Why Investing Is Kind Of Like Super Bowl 2017



ICYMI: Super Bowl 2017 was an epic battle that ended with Brady and the Patriots winning the game in overtime, but boy did the Falcons put up a fight! They had us on the edge of our seats.


What struck us, money nerds, as fascinating was the exponential growth of the Patriots’ points in the second half (or more specifically, the 4th quarter). It reminded us that, as with investing, what happens in the beginning and the middle doesn’t necessarily reflect what will happen at the end.


The thing about investing is that, when done properly, it’s extremely unsexy and not very exciting at all. Most of the action happens at the end.




Thanks to T.V. and movies, the term investing conjures up images of guys in suits trading stocks on the floor of the exchange. There’s noise, there’s excitement, there’s big wins and there’s big losses. And it seems to require a bit of luck.


Most people think that when they are ready to invest, it will consist of them buying stocks of companies they believe in. As we talked about in our post “Why You Should Never Buy Stocks Again“, buying individual stocks is a very old-school (not to mention, risky) way to invest.

Investing should be more like watching paint dry or watching grass grow. If you want excitement, take $800 and go to Las Vegas.

— Paul Samuelson




Do not expect your investments to do anything in the early years. The real growth happens later. The reason for this takes us back to one of the earliest principles of proper investing: compounding. Compounding is when your money makes money.


Think about it this way, if invested in a diversified portfolio, your investments should double every 8-10 years. Consider this one investing period.


In period one, $10,000 would become $20,000, in period two $20,000 would become $40,000, in period three, $40,000 would become $80,000 and so on. No matter what the amount is, it takes the same amount of time to double – and the doublings that count the most, happen at the end.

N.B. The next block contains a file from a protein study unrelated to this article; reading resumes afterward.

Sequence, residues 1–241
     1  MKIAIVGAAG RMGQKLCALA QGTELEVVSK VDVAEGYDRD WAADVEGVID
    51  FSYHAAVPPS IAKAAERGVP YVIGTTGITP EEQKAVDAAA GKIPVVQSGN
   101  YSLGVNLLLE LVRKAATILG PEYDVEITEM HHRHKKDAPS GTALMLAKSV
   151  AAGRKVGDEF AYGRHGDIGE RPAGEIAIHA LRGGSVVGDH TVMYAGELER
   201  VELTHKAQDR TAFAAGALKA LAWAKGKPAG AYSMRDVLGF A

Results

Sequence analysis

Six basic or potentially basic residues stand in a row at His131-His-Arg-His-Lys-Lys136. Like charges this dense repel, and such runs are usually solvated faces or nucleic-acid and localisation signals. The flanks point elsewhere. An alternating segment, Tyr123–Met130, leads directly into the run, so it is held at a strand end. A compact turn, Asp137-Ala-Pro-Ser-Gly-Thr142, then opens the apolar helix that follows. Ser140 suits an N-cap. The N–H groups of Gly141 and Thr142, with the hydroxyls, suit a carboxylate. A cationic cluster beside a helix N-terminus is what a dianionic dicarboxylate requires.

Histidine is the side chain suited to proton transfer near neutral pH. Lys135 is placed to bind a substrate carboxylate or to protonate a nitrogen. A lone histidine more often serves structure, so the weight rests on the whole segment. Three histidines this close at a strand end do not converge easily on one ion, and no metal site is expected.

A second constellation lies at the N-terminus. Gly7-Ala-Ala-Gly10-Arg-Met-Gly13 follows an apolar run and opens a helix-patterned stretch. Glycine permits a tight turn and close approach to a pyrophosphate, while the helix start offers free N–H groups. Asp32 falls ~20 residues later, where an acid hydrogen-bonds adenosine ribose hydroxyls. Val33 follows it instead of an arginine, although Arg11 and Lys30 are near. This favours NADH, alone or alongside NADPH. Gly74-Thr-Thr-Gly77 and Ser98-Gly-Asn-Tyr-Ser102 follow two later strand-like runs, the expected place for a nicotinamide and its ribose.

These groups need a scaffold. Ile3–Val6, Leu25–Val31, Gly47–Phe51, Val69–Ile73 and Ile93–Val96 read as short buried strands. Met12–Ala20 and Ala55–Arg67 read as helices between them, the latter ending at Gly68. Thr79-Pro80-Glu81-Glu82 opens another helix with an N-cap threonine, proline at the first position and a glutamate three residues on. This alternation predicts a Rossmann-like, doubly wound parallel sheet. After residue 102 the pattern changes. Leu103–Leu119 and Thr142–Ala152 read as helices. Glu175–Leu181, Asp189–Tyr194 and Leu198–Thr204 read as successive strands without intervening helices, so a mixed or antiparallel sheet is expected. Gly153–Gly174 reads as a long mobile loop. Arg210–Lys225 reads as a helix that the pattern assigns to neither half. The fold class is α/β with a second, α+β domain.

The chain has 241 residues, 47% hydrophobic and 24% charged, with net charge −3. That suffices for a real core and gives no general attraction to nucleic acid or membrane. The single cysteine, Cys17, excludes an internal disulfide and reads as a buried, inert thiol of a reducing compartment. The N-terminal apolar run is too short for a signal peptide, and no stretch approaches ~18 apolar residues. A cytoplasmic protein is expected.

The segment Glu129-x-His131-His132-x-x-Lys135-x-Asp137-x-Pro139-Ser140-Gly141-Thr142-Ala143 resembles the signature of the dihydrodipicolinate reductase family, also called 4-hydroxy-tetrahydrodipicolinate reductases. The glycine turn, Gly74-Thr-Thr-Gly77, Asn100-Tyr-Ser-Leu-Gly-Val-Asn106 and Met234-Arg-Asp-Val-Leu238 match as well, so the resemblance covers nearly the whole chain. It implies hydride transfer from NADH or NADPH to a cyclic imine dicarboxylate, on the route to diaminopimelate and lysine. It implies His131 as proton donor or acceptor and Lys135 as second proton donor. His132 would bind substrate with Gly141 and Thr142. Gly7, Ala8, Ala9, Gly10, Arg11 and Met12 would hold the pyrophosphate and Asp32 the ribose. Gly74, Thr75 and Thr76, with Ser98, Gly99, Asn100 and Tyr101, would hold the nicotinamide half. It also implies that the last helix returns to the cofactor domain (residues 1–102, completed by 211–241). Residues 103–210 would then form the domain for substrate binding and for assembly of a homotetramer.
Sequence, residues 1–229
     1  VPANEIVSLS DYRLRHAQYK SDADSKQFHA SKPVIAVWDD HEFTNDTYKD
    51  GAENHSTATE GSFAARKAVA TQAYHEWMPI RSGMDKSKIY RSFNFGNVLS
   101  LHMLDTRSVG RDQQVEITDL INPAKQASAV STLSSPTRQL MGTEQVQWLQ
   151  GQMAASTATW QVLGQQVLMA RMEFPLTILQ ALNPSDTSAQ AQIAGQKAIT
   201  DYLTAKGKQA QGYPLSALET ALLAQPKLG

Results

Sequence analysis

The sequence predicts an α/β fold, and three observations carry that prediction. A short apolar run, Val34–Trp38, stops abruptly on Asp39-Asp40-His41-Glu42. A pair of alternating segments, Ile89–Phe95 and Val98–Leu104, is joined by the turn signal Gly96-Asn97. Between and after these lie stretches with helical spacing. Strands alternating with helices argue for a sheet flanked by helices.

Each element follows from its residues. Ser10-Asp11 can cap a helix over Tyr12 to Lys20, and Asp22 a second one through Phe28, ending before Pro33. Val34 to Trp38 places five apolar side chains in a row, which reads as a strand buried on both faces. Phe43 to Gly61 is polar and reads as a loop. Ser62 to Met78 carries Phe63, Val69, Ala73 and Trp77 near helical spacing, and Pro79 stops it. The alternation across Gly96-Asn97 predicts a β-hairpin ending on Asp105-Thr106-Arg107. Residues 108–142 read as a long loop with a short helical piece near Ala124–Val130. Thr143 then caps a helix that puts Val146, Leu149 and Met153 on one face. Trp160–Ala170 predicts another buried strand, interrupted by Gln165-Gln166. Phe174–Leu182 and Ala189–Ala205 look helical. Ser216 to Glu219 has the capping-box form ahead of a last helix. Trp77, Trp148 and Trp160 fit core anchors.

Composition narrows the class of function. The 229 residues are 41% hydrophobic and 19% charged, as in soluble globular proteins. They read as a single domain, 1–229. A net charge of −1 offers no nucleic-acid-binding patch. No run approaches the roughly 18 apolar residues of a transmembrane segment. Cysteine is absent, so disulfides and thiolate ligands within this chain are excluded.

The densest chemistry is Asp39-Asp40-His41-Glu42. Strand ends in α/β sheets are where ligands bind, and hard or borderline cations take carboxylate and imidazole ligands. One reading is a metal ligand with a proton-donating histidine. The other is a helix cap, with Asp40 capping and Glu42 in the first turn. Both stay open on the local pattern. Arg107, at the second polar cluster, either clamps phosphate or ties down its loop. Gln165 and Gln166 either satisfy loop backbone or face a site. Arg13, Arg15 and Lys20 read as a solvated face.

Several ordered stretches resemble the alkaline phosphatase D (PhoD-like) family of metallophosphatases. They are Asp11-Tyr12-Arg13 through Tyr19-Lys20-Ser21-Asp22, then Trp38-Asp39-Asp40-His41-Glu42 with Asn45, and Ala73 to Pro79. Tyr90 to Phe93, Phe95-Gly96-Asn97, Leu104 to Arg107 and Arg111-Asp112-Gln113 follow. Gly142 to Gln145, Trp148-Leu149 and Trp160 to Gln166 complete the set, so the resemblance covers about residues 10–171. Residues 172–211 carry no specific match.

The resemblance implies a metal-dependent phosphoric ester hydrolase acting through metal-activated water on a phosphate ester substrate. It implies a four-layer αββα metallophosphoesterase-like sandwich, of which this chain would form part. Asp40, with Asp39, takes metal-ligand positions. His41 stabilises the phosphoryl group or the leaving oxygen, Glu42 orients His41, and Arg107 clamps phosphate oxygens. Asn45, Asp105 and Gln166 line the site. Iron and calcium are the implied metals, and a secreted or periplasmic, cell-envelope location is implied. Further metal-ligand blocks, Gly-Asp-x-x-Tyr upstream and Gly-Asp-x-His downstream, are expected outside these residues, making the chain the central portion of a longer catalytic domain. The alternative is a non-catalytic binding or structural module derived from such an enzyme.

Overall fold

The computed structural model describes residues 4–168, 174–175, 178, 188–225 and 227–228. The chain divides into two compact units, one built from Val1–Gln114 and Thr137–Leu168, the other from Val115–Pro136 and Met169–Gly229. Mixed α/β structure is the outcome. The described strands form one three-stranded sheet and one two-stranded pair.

Once you create an investment strategy, stick to it. Countless studies show that the #1 mistake individual investors’ make is letting their emotions get involved in their investing decisions (“my grandfather bought this stock for me”, “my mom worked for that company”, “I’m not seeing the returns I expected”, etc.). All the information out there shows us that we CAN NOT predict the future. All we know is that the market goes up over time. So once you create a strategy, stick to the plan and don’t watch your investments too closely or you will be very tempted to try to out-smart the market. More pitfalls to watch out for here.



The key to successful investing is patience. As we say at Stash, “buy right and sit tight”. DO NOT deviate from the game plan or you’ll miss all the action.


Want to learn more about investing? Click here for more articles.

SHOWHIDE Comments (0)

Leave a Reply

Your email address will not be published.

The F Word